Most of all, I like bluegrass because it’s simple. And musically, it’s good listening. None of this vulgar bump and grind stuff and maybe my dog died so I’m going to sing a sad song about it. We’re singing about the good ol’ days, a train going down the tracks, or the hills of Tennessee. It’s simple and it’s wholesome. For a girl who would love nothing more than to be shut up in a cabin with her thoughts and a pen and paper (and maybe a hot tub for added luxury), it works. Bluegrass fits in just fine with the simple life.

If you want to know more about this band I started talking about earlier, they are called the Hocking River String Band. Originating out of the Hocking Hills area, they are excellent musicians who know how to put on a good show! I’ve never danced my hardest with any other band! I’ve thoroughly enjoyed getting to know these guys. It starts to feel like a family after a while. You can visit their Facebook page, or search for them on instagram (hockingriverstringband). You can also find their music on iTunes and Spotify!

The Hocking River String Band at the Duck Creek Fall Campout 2014!
The Hocking River String Band at the Duck Creek Fall Campout 2014!

If you live in Ohio and you’re in the Columbus, OH or Athens, OH areas, Hocking River String Band hosts a bluegrass festival in the Hocking Hills. The Duck Creek Log Jam festival is one of the most laid back festivals I’ve been to. Camp out for the weekend and you can expect good music, good food, a relaxing atmosphere, and beer that is always flowing. If you want to know more or want to reserve your spot for the spring campout you can visit their official page.

So here’s to you bluegrass! May you never lose that spark of simplicity and authenticity!

Made from Scratch | Make Your Own Holiday Wreath

IMG_2863.JPG

Happy Thanksgiving! I hope you are all prepared for today’s festivities! There’s nothing more warm or comforting than spending quality time with the people we love. Even though I love Thanksgiving, I’m really looking forward to Christmas! And if there’s one thing I despise most during the Christmas season, it’s tacky and fake decorations. There is so much beauty in the natural world and it is just waiting to be discovered. You could pay around $20 for a pre-made wreath that doesn’t look that great anyway, or a couple bucks for a wreath you can make yourself. All you need is a wire or wooden frame, some scissors, and twine. Most of all you need some greenery. Real pine is free and it’s beautiful. The only downside is the needles fall off like crazy after a while. So, if you want your wreath to last until next season, you can do fake pine. You’ll still save money by doing it yourself.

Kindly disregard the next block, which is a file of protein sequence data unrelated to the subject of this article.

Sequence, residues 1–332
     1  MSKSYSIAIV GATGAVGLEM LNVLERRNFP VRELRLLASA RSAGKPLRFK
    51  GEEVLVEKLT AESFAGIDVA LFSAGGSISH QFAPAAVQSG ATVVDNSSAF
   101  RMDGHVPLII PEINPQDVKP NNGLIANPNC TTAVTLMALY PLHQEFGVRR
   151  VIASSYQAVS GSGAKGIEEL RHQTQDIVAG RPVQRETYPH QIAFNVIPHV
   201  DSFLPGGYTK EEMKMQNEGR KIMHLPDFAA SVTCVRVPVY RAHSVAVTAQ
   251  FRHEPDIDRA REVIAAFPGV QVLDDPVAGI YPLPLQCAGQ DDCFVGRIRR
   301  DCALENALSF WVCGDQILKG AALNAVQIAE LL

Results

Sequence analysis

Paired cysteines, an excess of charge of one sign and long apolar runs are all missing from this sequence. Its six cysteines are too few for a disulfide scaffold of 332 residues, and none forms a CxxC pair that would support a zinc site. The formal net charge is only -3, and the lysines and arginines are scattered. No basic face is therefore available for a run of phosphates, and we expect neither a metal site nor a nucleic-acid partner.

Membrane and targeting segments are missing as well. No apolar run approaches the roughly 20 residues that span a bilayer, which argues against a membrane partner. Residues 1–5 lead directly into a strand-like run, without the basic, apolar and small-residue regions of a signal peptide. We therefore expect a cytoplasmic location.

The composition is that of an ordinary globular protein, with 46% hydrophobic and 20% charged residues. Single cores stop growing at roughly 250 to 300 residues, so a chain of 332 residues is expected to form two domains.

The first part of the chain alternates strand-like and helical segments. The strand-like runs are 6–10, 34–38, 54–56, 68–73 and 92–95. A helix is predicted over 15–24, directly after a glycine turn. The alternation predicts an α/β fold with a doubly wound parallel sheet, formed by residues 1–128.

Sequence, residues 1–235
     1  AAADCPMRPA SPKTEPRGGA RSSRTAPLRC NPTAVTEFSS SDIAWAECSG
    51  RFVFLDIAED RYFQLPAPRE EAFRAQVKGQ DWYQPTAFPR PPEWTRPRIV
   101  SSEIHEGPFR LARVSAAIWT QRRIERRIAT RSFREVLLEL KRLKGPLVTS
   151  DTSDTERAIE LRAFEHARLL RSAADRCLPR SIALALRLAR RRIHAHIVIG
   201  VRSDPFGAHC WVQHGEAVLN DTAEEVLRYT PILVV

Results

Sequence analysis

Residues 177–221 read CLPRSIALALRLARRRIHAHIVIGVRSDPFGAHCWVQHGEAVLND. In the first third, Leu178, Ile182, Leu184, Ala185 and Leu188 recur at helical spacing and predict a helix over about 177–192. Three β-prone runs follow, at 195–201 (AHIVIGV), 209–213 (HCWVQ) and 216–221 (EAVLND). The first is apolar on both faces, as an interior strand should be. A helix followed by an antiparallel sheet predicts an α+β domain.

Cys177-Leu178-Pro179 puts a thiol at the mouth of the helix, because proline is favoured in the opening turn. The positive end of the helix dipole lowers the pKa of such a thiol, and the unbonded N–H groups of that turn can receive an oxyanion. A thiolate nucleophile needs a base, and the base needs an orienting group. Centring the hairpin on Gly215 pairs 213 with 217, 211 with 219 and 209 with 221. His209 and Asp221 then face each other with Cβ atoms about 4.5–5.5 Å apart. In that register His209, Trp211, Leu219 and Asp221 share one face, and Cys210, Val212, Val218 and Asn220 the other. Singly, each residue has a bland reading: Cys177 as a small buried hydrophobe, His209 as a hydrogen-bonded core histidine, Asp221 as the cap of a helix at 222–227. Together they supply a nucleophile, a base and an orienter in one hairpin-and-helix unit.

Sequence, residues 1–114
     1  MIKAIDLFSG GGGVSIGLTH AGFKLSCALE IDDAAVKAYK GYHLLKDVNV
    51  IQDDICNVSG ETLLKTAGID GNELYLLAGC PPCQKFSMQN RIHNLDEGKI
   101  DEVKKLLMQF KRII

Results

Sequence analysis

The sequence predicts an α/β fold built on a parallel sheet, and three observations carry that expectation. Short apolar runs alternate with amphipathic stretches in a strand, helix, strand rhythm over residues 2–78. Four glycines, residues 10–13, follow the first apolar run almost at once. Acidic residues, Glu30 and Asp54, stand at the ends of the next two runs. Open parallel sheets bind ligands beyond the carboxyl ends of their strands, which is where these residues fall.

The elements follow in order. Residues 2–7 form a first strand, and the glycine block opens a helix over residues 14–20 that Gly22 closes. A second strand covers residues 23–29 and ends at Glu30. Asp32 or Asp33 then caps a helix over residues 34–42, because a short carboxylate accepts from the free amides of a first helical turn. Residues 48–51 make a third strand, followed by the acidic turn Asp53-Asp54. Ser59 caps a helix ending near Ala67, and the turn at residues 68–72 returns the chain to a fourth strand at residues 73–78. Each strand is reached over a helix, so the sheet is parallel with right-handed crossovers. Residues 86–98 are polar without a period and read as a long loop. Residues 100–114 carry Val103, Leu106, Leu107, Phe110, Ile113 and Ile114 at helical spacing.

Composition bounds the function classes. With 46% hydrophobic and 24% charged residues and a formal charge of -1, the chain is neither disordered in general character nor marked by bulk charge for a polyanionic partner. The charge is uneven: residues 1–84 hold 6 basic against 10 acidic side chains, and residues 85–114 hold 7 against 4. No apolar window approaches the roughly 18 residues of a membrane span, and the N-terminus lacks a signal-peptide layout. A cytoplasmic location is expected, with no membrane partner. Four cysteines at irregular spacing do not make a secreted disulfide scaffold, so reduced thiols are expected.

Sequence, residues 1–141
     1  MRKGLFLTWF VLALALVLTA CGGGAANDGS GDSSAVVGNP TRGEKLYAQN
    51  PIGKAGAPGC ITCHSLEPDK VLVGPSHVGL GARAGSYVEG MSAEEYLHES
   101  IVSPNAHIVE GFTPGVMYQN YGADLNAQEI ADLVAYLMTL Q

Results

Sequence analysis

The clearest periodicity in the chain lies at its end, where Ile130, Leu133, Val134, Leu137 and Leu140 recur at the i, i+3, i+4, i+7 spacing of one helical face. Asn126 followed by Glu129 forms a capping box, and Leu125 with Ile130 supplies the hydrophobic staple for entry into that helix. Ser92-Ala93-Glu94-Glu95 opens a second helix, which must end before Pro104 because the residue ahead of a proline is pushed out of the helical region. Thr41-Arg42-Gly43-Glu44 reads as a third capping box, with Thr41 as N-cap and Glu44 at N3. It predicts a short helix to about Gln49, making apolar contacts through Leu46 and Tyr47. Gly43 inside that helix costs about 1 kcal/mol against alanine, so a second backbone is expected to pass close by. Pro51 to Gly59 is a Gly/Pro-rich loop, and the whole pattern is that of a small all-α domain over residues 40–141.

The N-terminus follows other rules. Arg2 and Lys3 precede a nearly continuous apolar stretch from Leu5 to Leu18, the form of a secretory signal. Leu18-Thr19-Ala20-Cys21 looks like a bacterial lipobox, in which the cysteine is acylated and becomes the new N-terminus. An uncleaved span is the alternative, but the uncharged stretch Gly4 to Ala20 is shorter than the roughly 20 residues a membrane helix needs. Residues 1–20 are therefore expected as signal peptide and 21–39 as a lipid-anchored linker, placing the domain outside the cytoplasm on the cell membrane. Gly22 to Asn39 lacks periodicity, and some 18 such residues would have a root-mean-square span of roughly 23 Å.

Other than saving money, why would anyone want to make their own wreath? Nobody has time for that. Just go to the store and buy one, right? Well, it’s all about being more connected to our surroundings and appreciating what goes into making a product. Convenience has become our alma mater in the United States, particularly. The truth is someone somewhere had to take the time to make that wreath. And we take their handiwork for granted as we snatch up that product before someone else has the chance to get it. Although I don’t make everything myself, I do try as much as possible to take the load off others.

IMG_2865.JPG

IMG_2881

IMG_2871.JPG

Processed with VSCOcam with a5 preset